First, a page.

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Some Iowa Voters Will Receive Multiple Absentee Ballot Request Forms In The Mail This Year

Michael Leland
No matter where your absentee ballot request form comes from, make sure the return envelope is addressed to your county auditor. If you send in multiple forms, you'll still only get one ballot.

Iowans might receive multiple absentee ballot request forms from different sources ahead of the November election. Officials say don't worry about it, and it will likely become more common.

If you’re registered to vote in Iowa, you might be receiving multiple absentee ballot request forms from different sources ahead of the November election. That is not a problem, and it may be increasingly common as voting by mail is encouraged during the coronavirus pandemic.

Registered voters who wish to vote by mail can fill out one of the request forms they receive, send it to their county auditor, and wait for a ballot to arrive after they start getting mailed out October 5.

Scott County Auditor Roxanna Moritz is president of the Iowa State Association of County Auditors, which represents local election officials from all 99 counties. She said even if a voter chooses to send in multiple absentee ballot requests, their county auditor will only send them one ballot.

“We have a system where every voter has its own unique voter file, and it has its own unique number,” Moritz said. “And when we start doing our absentee request forms, everybody’s given a number on their absentee request that goes into their voter file, and that’s scanned in. So when another absentee request comes in, when you go to load that into our system, it will show that it already has one.”

Iowa Republican Secretary of State Paul Pate is planning to send absentee ballot request forms to all active registered voters in the state at the end of August. Some county auditors have already sent the request forms, too.

Political parties may send the forms to voters, and other organizations can purchase voter lists and send request forms. Moritz said voters who want to use a form that doesn’t come from the county auditor or secretary of state should check that the return envelope is correctly addressed to their county auditor, and they can call their county auditor or secretary of state if they have concerns.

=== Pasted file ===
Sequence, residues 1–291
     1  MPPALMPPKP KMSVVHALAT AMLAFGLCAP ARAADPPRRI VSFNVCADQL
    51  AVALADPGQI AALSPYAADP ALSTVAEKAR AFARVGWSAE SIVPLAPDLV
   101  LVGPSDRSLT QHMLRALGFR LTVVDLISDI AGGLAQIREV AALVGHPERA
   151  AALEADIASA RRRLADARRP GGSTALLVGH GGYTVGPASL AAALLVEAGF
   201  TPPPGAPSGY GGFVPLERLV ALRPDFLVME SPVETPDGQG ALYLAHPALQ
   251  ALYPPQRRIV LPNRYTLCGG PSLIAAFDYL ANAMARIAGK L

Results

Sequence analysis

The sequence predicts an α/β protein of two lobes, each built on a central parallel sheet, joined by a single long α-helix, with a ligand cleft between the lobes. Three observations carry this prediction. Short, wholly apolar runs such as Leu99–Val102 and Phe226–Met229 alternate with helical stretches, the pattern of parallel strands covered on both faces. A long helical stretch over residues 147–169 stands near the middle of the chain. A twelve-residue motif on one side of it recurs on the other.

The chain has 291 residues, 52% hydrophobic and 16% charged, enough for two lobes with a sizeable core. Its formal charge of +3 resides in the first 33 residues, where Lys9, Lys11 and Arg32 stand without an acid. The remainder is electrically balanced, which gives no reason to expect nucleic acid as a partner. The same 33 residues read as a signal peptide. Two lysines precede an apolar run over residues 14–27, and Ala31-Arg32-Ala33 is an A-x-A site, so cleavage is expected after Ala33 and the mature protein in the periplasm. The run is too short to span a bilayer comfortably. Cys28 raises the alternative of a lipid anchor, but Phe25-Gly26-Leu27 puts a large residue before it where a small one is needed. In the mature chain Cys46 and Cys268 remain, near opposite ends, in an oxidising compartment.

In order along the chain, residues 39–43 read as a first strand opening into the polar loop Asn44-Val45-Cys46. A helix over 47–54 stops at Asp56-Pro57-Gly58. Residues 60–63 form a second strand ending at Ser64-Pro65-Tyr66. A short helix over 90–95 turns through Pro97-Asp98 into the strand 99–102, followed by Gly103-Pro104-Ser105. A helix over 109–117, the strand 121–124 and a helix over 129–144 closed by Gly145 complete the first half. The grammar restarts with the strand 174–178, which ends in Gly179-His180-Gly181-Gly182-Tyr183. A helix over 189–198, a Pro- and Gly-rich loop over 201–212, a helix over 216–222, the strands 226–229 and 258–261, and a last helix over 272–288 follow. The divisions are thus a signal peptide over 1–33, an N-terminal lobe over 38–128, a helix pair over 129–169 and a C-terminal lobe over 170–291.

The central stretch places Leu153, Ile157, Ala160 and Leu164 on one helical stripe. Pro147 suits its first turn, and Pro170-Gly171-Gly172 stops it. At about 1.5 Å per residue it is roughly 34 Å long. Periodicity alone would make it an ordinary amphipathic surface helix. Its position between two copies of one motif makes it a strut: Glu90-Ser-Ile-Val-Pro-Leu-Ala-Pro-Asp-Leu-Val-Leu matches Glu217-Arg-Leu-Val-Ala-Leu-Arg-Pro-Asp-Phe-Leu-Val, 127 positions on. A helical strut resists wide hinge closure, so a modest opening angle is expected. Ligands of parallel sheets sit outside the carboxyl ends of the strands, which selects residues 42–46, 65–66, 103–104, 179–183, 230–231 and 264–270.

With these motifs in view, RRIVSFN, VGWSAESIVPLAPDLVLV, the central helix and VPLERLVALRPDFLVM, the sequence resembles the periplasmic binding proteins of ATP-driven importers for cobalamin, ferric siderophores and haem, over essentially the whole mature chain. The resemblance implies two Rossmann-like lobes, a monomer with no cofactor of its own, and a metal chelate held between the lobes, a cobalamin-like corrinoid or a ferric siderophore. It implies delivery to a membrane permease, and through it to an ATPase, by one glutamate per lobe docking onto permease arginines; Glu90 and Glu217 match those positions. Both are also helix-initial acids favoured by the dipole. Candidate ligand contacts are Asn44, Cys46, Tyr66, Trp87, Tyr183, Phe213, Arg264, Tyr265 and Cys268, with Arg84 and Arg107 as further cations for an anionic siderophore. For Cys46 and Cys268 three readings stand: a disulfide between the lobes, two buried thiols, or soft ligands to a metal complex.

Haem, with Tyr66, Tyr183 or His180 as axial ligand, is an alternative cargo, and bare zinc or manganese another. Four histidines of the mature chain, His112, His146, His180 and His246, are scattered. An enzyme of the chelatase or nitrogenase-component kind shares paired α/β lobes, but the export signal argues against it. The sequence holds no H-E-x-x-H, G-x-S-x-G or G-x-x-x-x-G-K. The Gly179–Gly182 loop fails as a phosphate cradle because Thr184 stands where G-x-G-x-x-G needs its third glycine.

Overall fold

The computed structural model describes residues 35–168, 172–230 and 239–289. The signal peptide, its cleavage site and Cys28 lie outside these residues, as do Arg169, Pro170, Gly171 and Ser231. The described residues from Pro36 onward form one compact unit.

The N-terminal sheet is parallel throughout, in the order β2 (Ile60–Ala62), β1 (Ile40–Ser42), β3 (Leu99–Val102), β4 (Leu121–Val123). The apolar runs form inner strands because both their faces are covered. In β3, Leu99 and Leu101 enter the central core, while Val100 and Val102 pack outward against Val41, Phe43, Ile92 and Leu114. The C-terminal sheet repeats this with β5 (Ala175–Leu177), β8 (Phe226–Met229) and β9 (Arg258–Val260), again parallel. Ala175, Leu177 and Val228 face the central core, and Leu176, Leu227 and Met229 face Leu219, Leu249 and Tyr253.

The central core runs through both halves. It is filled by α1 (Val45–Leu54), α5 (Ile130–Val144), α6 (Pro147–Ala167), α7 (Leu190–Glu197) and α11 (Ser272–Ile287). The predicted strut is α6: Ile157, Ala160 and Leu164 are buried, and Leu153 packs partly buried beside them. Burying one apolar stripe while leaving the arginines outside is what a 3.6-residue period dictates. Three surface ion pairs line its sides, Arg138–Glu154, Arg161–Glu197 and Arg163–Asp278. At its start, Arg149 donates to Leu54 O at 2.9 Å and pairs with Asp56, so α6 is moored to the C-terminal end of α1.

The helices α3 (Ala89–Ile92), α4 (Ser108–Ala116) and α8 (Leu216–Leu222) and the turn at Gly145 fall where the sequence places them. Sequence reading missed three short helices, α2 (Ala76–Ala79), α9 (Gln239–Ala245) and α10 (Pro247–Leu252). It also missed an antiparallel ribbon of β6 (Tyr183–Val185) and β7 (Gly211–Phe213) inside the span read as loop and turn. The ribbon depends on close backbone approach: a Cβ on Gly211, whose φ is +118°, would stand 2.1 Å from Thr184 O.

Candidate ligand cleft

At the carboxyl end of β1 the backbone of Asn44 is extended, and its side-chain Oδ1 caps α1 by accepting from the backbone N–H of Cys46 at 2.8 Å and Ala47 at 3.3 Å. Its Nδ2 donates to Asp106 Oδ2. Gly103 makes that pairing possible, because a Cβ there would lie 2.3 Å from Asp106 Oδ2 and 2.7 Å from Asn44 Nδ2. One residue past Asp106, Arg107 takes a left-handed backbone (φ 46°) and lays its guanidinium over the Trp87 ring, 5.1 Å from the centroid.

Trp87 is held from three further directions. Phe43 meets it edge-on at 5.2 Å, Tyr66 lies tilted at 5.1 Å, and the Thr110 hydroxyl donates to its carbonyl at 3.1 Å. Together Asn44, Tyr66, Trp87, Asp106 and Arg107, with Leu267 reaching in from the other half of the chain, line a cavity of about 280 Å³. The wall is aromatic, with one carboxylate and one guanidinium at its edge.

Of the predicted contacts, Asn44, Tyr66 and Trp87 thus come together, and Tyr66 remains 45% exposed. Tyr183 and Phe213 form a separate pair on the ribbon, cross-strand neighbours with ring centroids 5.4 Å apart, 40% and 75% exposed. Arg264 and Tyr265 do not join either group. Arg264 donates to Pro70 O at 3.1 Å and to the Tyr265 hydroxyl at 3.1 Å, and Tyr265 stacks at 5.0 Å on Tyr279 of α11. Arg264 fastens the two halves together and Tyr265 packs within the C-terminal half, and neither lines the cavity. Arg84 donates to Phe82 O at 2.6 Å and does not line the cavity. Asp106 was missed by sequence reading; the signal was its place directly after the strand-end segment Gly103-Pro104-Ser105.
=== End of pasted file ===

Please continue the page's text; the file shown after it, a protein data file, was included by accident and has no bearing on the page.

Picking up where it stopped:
“Make sure that you’re getting your information from trusted resources—your election offices, your secretary of state—places that you know it’s coming from correctly and that it’s being mailed correctly,” Moritz said.

And she said Iowans can track their absentee ballot request on the secretary of state’s website after the request is received by their county auditor.

“So you can track when we receive your request form, to when I mail out your ballot, to when we get your ballot back,” Moritz said.

Some Iowans have also received absentee ballot request forms addressed to a previous resident of their home, or to a family member who died a long time ago. Moritz said it’s likely those are sent by outside organizations that don’t have to follow the same laws that elections officials do in continuously updating their voter lists.

Iowans can also find absentee ballot request forms on the secretary of state’s website to download, print and mail to their county auditor.

The deadline for requesting an absentee ballot by mail is October 24.

Voting in person will also be an option this fall.

Click here to learn more about getting registered to vote.

Click here to learn more about voting by absentee ballot.

Click here to find your county auditor.

Courtesy Iowa Secretary of State
This is the State of Iowa's official absentee ballot request form.

Katarina Sostaric is IPR's State Government Reporter